The Veterans Administration Epilepsy Cooperative Study Group (Regional Epilepsy Center, VA Med Cntr, 4500 S Lancaster Rd, Dallas, TX) have evaluated monotherapy with carbamazepine, phenobarbital, phenytoin, and primidone in a total of 622 patients with previously untreated partial seizures, with particular attention to seizure frequency, neurotoxicity, and systemic toxicity. These 3 factors contributed equally to failure in the first 6 months but systemic toxicity, primarily skin rash, played a relatively minor role in drug failure after that time interval, with the same pattern seen for all drugs studied. After 6 months, failure is determined by seizure frequency and neurotoxicity and is relatively low. A failure rate of 25.3 patients/month during the first 6 months was approx. 6.5 times that during the following 18 months (3.9 patients/month). The first 24 months were critical for successful control since after that time the failure rate falls rapidly to 0.83 patients/month during a 12 month period follow-up.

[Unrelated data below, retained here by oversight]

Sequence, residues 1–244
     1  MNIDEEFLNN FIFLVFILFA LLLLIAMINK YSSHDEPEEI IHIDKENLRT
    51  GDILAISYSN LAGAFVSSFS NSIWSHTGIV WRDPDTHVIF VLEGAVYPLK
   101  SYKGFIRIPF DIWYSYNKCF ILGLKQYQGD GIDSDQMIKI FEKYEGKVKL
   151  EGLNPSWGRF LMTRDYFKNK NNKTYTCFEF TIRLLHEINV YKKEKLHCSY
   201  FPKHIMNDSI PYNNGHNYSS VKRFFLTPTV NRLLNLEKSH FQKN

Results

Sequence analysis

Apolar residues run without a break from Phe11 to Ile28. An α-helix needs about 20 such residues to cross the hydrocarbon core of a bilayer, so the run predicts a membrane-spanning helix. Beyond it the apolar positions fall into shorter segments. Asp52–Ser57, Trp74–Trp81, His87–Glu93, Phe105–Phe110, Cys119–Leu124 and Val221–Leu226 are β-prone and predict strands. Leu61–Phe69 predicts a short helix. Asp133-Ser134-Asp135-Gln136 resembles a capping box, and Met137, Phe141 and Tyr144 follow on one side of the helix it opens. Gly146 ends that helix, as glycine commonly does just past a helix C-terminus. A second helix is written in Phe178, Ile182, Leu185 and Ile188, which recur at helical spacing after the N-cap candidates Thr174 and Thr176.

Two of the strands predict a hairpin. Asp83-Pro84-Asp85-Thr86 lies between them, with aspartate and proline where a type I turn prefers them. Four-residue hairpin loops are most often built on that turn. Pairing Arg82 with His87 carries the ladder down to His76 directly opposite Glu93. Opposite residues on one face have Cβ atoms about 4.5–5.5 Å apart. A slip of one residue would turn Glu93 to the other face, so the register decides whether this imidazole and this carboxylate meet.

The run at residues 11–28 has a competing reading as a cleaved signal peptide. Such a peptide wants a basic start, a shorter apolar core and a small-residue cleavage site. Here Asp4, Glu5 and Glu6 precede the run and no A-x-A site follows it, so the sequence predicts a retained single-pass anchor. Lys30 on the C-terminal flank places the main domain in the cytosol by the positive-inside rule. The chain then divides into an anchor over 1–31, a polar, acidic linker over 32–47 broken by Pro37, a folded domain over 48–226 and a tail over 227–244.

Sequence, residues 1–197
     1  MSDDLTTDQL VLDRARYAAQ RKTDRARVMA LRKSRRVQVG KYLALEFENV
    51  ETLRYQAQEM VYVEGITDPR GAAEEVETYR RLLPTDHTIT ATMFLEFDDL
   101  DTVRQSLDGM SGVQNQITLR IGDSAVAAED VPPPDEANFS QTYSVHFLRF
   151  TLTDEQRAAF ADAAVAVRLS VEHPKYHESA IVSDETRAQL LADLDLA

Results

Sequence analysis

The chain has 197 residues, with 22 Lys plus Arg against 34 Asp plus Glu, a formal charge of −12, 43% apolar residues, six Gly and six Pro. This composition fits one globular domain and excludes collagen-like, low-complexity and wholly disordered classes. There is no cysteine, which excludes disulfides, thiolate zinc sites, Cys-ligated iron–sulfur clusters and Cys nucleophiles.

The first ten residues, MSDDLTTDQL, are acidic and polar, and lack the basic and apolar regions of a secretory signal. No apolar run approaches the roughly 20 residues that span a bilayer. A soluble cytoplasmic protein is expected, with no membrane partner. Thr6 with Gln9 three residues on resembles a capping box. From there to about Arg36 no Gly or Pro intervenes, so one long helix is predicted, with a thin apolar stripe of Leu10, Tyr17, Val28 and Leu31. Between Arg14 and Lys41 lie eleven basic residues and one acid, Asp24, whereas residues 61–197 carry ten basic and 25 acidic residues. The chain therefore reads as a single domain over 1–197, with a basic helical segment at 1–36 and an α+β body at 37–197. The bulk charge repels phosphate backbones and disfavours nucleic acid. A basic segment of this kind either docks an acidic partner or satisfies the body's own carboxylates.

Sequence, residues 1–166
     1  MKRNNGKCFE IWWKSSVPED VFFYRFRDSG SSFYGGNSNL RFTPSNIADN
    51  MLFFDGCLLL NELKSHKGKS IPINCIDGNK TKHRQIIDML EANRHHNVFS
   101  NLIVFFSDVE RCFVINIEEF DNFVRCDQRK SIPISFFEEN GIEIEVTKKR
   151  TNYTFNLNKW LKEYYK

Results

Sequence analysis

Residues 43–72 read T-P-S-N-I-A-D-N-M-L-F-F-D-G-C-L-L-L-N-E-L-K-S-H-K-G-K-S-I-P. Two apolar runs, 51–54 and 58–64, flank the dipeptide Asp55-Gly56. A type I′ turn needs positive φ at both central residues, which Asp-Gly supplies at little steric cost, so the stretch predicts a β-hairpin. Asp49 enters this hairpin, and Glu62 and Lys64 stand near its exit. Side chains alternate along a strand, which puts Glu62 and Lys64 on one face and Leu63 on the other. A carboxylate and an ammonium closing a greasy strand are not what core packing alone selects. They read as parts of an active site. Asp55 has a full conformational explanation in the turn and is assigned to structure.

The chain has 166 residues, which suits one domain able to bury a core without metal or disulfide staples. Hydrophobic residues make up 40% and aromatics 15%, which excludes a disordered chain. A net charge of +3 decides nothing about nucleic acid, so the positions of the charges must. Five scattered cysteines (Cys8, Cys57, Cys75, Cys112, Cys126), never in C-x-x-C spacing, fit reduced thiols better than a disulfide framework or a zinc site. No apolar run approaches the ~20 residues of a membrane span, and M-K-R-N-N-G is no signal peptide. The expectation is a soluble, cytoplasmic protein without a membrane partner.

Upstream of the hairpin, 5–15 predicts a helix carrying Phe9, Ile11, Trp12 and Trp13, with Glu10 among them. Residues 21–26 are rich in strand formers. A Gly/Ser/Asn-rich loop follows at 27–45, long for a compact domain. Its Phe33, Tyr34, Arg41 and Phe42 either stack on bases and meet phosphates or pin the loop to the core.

COMMENT: Such studies would be difficult to duplicate in children although similar results might be expected. That dermatologic, hypersensitivity reactions should occur primarily during the first few months of a new antiepileptic drug (AED) treatment is not surprising. It is likely that the majority would have developed within the first 2 weeks. The incidence of skin rash in the first 6 months of this study involving only adults was 6% and similar to that encountered in children taking phenytoin but higher than that usually reported for carbamazepine (3 to 5%) phenobarbital (1 to 2%) and primidone (rare). AED hypersensitivity reactions are generally more prominent in young children than in adults (e.g. phenytoin, valproate).